In the wake of news that 365,000 Americans selected plans in the Health Insurance Marketplace in October and November, Department of Health and Human Services Secretary Kathleen Sebelius updated members of Congress on Dec. 11 on the progress of healthcare.gov.
Since her last testimony Oct. 30, 39.1 million Americans have visited state and federal sites. More than 5 million Americans have dialed into the call centers, and 1.9 million people have applied, but not selected a plan.
During first week in December alone, the website received 5 million visits.
The enrollment numbers are still well under the 3.3 million targeted for the end of November.
“As more Americans give healthcare.gov a second look, they are finding the experience is night and day [compared to the past],” Sebelius told the House health subcommittee.
During the hearing, Sebelius announced the HHS inspector general will investigate the development of healthcare.gov. She also asked the Centers for Medicare and Medicaid Services to hire a chief risk officer to plan how to mitigate risk with the marketplace.
Despite the significant gains since the website’s Oct. 1, Republicans had nothing but tough talk for the secretary.
“This is a matter of trust; it is time for the administration to be honest,” said Rep. Fred Upton, R-Mich., who sponsored a bill to allow insurance companies to continue offering health plans that do not meet the ACA’s minimum requirements. “It is time for transparency and the truth.”
Chairman of the health subcommittee Rep. Joe Pitts, R-Pa., questioned the validity of Sebelius’ enrollment numbers as those who had already enrolled were not yet receiving care until they paid their premium.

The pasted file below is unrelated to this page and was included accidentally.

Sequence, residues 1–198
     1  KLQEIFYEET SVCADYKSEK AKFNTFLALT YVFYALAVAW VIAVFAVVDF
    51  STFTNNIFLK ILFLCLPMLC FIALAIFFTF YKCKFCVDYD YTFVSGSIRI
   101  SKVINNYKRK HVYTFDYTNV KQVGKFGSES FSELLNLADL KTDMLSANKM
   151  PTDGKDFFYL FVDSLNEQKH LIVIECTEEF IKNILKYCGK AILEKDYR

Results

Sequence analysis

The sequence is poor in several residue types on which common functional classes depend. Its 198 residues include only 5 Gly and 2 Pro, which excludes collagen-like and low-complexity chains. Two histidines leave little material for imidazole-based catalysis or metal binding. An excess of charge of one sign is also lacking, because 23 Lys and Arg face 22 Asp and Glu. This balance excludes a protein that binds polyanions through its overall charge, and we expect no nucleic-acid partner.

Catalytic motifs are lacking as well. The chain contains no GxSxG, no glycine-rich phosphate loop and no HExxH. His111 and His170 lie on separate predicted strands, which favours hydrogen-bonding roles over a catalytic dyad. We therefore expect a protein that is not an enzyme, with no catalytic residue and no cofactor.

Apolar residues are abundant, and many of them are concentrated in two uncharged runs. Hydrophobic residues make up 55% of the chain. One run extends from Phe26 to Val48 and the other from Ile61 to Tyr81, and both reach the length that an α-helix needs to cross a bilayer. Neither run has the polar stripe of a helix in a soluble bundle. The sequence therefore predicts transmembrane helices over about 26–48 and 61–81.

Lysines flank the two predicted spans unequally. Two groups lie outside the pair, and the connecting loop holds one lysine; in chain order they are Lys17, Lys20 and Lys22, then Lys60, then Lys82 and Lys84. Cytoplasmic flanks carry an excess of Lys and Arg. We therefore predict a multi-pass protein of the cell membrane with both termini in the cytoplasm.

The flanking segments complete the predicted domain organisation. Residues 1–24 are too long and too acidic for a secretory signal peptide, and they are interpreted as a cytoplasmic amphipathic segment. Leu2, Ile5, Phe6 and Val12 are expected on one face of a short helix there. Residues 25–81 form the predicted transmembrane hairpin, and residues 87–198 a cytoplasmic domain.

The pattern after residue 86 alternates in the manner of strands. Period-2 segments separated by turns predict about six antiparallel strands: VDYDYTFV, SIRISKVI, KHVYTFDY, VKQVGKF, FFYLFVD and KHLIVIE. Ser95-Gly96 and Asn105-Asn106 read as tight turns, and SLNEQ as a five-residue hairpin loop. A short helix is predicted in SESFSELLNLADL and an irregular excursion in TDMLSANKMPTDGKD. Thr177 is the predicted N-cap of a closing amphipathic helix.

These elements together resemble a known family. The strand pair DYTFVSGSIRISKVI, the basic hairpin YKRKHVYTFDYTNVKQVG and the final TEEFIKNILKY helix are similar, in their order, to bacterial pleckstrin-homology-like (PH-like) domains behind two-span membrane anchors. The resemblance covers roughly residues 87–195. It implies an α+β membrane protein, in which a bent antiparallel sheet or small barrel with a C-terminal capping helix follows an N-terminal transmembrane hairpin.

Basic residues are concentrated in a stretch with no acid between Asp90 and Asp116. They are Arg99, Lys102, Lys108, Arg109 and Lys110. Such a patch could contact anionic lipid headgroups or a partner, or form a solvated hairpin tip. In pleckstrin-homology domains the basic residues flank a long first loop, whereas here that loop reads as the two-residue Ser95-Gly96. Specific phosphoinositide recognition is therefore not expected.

Rep. Marsha Blackburn, R-Tenn., was pugnacious in her inquiries about the website’s security.
Democrats mostly threw Sebelius softball questions, while defending the ACA.
“I don’t know where the reality is in [the Republicans’] comments,” said Rep. Frank Pallone, D-N.J. “Sometimes, I think they are living on Mars instead of Earth.”
When healthcare.gov was originally launched, it was plagued by slow load times, page crashes and site outages.
HHS on Oct. 22 hired former director of the Office of Management and Budget, Jeff Zients, to fix the website. The administration promised to have the site in working order by the end of November.
A statement issued by CMS early December reported the website had made “dramatic progress.” Healthcare.gov can now handle 800,000 visits per day and has a response time under one second, according to CMS.